Biophysics – Information theory. Relation between information and entropy: – Setlow-Pollard, Ed. Addison Wesley Excerpt: Linschitz gave the figure 9.3 x 10^12 cal/deg or 9.3 x 10^12 x 4.2 joules/deg for the entropy of a bacterial cell. Using the relation H = S/(k In 2), we find that the information content is 4 x 10^12 bits. Morowitz’ deduction from the work of Bayne-Jones and Rhees gives the lower value of 5.6 x 10^11 bits, which is still in the neighborhood of 10^12 bits. Thus two quite different approaches give rather concordant figures. http://www.astroscu.unam.mx/~angel/tsb/molecular.htm
,,, Which is the equivalent of 100 million pages of Encyclopedia Britannica. ‘In comparison,,, the largest libraries in the world,, have about 10 million volumes or 10^12 bits.”
“a one-celled bacterium, e. coli, is estimated to contain the equivalent of 100 million pages of Encyclopedia Britannica. Expressed in information in science jargon, this would be the same as 10^12 bits of information. In comparison, the total writings from classical Greek Civilization is only 10^9 bits, and the largest libraries in the world – The British Museum, Oxford Bodleian Library, New York Public Library, Harvard Widenier Library, and the Moscow Lenin Library – have about 10 million volumes or 10^12 bits.” – R. C. Wysong – The Creation-evolution Controversy ‘The information content of a simple cell has been estimated as around 10^12 bits, comparable to about a hundred million pages of the Encyclopedia Britannica.” Carl Sagan, “Life” in Encyclopedia Britannica: Macropaedia (1974 ed.), pp. 893-894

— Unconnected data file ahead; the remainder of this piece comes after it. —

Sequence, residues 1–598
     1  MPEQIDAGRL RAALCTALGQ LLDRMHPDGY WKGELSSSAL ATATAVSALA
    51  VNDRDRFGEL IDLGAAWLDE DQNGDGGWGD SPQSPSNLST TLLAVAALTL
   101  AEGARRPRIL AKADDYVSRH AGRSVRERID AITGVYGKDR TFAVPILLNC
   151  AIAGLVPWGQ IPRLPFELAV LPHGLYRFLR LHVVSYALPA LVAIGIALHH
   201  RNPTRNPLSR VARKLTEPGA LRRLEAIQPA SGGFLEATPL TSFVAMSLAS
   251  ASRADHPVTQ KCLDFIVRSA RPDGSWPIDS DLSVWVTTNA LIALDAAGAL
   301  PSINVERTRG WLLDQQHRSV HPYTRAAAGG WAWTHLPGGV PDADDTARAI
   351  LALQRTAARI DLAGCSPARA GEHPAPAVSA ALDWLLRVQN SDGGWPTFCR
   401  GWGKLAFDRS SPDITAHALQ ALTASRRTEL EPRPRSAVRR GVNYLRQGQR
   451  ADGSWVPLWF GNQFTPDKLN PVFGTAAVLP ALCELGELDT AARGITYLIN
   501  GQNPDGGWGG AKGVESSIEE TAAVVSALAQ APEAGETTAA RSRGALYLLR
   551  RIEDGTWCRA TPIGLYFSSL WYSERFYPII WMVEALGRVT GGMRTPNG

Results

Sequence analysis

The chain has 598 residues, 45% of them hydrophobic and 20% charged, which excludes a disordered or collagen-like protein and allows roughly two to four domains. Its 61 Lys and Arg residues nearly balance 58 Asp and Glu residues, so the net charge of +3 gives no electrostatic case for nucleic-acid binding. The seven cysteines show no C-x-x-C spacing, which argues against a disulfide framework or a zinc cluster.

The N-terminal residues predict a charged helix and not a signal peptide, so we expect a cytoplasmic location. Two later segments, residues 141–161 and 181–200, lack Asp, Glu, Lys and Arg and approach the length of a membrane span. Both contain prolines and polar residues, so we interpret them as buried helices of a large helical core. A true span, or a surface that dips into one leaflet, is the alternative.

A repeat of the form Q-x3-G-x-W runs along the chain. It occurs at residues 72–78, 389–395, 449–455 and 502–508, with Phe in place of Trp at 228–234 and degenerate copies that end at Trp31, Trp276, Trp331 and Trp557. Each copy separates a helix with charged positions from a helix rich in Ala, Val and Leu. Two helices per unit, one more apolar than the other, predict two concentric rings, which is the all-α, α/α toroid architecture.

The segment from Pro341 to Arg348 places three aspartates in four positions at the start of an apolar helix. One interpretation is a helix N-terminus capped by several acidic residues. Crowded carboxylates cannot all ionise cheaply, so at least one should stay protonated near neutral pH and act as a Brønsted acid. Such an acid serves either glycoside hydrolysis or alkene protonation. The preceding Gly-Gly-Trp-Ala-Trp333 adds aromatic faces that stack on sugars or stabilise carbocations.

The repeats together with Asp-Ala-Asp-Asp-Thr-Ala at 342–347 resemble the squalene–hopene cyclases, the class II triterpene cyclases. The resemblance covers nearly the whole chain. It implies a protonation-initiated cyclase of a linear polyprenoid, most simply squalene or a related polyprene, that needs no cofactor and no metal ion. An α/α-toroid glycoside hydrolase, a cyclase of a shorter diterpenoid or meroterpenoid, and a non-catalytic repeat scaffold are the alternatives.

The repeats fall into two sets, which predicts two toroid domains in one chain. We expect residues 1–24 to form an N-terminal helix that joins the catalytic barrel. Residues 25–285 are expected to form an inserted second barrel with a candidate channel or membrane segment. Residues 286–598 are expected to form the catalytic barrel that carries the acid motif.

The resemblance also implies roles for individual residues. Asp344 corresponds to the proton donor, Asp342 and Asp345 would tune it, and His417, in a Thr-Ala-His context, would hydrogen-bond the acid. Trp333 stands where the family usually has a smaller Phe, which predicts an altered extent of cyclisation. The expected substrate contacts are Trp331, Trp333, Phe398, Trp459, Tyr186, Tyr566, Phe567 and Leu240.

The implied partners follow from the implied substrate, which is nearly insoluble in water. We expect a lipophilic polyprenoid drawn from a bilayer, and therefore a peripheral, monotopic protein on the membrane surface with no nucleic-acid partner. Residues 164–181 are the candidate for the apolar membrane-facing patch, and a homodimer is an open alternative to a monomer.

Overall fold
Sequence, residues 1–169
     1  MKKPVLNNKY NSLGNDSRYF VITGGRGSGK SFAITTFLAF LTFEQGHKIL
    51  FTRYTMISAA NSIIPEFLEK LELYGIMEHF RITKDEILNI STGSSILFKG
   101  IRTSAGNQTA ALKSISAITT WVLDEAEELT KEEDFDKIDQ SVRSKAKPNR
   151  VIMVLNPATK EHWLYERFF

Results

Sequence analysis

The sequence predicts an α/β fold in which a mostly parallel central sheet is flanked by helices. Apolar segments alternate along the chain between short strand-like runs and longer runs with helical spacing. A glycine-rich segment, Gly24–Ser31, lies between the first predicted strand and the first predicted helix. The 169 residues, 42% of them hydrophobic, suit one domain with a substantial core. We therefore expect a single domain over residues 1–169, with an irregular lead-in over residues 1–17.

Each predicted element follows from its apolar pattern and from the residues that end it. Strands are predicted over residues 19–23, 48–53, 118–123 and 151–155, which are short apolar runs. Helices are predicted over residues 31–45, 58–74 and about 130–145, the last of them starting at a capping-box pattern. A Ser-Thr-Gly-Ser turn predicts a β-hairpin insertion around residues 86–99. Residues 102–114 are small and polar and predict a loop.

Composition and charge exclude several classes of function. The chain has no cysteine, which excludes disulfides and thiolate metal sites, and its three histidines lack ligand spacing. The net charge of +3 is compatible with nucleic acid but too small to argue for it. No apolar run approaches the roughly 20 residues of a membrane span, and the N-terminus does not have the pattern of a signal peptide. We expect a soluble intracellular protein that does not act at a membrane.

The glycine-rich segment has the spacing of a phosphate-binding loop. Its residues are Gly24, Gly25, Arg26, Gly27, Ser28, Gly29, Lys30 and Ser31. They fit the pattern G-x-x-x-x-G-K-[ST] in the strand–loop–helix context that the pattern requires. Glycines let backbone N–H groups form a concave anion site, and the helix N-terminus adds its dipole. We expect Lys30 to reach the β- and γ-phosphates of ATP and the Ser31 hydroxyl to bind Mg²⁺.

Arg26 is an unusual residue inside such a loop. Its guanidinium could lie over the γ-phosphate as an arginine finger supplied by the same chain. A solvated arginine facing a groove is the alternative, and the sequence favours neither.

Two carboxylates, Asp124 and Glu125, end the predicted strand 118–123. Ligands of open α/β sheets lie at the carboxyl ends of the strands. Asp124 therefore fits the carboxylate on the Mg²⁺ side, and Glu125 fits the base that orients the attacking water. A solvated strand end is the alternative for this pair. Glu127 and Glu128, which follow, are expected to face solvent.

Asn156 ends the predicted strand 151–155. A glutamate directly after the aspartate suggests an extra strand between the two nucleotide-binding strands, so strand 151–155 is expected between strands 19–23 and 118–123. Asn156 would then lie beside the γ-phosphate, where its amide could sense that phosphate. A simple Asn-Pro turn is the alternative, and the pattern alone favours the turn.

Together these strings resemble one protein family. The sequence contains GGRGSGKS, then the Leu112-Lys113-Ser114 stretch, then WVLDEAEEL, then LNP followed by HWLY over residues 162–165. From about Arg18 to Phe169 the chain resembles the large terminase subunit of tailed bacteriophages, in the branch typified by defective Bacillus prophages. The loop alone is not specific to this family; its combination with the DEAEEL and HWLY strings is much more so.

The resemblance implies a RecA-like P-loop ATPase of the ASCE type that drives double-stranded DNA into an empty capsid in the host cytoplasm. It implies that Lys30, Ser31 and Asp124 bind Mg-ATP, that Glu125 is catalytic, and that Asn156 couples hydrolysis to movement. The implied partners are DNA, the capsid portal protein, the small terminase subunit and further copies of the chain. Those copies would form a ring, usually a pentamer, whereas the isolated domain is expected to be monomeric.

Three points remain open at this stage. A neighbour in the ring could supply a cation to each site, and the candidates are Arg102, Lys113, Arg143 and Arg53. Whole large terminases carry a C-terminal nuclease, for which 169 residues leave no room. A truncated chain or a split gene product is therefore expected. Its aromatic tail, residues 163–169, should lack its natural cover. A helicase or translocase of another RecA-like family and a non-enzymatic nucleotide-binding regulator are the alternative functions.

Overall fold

Moreover, classical “sequential’ information is now shown to be a subset of quantum 'positional' information by the following method. Specifically, in the following 2011 paper. "researchers ,,, show that when the bits (in a computer) to be deleted are quantum-mechanically entangled with the state of an observer, then the observer could even withdraw heat from the system while deleting the bits. Entanglement links the observer’s state to that of the computer in such a way that they know more about the memory than is possible in classical physics.,,, In measuring entropy, one should bear in mind that (in quantum information theory) an object does not have a certain amount of entropy per se, instead an object’s entropy is always dependent on the observer."